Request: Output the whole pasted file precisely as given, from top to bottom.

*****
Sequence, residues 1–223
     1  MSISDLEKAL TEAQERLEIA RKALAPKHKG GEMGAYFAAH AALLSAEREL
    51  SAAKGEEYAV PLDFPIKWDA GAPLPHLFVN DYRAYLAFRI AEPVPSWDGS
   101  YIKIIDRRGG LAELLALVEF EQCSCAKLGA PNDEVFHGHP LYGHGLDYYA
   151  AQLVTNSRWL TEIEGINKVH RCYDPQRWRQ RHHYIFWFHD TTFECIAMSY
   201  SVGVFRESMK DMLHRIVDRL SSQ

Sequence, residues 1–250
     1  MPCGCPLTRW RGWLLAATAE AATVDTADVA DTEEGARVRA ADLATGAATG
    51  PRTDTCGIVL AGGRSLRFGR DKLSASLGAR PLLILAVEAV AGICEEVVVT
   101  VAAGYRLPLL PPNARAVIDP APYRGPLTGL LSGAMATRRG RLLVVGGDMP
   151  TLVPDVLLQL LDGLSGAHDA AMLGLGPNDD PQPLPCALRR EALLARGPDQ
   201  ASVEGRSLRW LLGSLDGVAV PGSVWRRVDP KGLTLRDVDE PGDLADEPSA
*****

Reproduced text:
Sequence, residues 1–223
     1  MSISDLEKAL TEAQERLEIA RKALAPKHKG GEMGAYFAAH AALLSAEREL
    51  SAAKGEEYAV PLDFPIKWDA GAPLPHLFVN DYRAYLAFRI AEPVPSWDGS
   101  YIKIIDRRGG LAELLALVEF EQCSCAKLGA PNDEVFHGHP LYGHGLDYYA
   151  AQLVTNSRWL TEIEGINKVH RCYDPQRWRQ RHHYIFWFHD TTFECIAMSY
   201  SVGVFRESMK DMLHRIVDRL SSQ

Sequence, residues 1–250
     1  MPCGCPLTRW RGWLLAATAE AATVDTADVA DTEEGARVRA ADLATGAATG
    51  PRTDTCGIVL AGGRSLRFGR DKLSASLGAR PLLILAVEAV AGICEEVVVT
   101  VAAGYRLPLL PPNARAVIDP APYRGPLTGL LSGAMATRRG RLLVVGGDMP
   151  TLVPDVLLQL LDGLSGAHDA AMLGLGPNDD PQPLPCALRR EALLARGPDQ
   201  ASVEGRSLRW LLGSLDGVAV PGSVWRRVDP KGLTLRDVDE PGDLADEPSA